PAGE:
Scientists Rally to Quell Anti-Science Political Movements

Article excerpt

Scientists feel threatened by something they consider more insidious than funding cuts. It's a rising tide of anti-science sentiment that they believe could erode public trust in their work and submerge their status in society.

University scientists are finding that some liberal arts colleagues now argue that science has no more validity than other "ways of knowing" - unverified personal intuitions or such hoary humbugs as astrology, parapsychology, and spiritualism. In this view, mysticism and magic would have equal rank with knowledge gained by observations and experiments that can be repeated and independently verified.

What's new is that scientists who have tried to ignore what they consider nonsense now may be ready to fight back. A few weeks ago, a couple hundred of them met for three days at the New York Academy of Sciences to assess the situation. It is too soon to know whether this will result in a significant counterattack. But the discussions did drive home the point that scientists have to face up to the insidious nature of the anti-science threat.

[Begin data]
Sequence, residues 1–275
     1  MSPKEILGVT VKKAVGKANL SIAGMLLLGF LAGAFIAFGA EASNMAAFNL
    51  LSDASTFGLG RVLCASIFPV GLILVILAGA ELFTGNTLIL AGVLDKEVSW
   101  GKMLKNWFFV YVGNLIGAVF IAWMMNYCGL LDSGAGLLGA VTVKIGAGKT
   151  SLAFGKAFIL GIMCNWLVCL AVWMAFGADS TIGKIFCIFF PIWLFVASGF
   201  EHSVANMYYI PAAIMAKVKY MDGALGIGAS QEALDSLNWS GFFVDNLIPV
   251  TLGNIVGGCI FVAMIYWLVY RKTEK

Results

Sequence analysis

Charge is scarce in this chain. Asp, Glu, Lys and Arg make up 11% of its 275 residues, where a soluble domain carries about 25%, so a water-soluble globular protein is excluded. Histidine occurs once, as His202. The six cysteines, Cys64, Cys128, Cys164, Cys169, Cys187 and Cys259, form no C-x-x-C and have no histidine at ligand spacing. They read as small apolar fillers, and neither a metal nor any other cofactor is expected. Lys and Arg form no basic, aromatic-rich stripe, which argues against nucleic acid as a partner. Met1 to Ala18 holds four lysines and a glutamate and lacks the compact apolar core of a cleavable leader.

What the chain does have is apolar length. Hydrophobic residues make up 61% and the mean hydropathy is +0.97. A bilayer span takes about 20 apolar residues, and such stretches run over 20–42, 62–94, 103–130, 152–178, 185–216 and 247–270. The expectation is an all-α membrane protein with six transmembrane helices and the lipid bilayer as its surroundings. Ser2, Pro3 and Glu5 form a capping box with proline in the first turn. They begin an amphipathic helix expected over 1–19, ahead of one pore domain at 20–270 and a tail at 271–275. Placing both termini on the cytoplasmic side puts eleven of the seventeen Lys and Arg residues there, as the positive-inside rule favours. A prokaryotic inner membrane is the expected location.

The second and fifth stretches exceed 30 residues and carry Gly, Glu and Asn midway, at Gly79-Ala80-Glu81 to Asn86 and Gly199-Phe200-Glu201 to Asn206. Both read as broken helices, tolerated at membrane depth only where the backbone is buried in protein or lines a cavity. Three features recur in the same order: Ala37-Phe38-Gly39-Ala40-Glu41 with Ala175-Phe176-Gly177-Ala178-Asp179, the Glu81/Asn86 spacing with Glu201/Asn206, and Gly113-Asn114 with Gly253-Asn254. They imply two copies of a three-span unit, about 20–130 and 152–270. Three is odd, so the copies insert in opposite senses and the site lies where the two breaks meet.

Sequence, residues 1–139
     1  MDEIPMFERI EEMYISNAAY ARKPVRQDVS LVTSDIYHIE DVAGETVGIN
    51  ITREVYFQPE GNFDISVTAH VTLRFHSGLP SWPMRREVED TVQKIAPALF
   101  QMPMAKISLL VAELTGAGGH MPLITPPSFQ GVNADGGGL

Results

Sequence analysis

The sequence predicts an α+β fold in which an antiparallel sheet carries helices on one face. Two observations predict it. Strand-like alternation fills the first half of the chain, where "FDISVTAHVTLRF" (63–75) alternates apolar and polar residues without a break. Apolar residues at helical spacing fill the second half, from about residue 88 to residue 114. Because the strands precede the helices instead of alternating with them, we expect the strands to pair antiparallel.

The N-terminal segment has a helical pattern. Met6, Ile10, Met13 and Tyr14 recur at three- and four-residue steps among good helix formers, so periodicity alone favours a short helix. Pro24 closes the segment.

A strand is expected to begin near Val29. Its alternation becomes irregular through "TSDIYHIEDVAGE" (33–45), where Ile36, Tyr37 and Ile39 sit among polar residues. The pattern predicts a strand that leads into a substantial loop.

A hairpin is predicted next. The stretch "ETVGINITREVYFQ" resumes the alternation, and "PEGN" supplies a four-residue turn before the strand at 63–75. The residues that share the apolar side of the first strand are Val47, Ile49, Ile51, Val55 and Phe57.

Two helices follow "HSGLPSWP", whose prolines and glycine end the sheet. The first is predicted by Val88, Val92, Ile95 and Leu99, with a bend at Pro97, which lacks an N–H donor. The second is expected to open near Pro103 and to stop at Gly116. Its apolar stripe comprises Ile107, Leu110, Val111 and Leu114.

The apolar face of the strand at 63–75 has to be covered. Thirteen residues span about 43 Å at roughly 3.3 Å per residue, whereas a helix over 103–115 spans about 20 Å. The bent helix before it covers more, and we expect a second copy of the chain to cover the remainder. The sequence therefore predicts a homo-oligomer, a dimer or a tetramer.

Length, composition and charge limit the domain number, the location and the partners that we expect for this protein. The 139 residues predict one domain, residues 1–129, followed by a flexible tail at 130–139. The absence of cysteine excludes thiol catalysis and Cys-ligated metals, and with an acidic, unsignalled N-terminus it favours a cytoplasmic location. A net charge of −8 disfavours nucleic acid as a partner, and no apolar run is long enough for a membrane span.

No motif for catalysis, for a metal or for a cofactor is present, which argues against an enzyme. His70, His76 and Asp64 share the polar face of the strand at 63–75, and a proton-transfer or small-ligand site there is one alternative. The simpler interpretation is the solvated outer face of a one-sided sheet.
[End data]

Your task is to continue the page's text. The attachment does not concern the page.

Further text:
Harvard University science historian Gerald Holton, who took part in the conference, has been trying to sound this alarm for several years. In his book Science and Anti-science (Harvard University Press, 1993), he explains that scientists are not just confronted by relatively harmless delusions such as mental telepathy. They also face a hard core of people who hold strongly to alternative world views that devalue objective, impersonal science and who are committed politically to imposing their views on society.

The persistent drive of religious fundamentalists to have "creation science" taught as an alternative to evolution in public school science courses is a contemporary case in point. But the dark side of a marriage of anti-science to political power is better illustrated by Nazi "scientific" racial theories used to justify the Holocaust or the Stalinist "science" of the former Soviet Union.

It was politically dangerous in Stalin's Russia to promote Einstein's relativity theories or certain aspects of quantum physics. …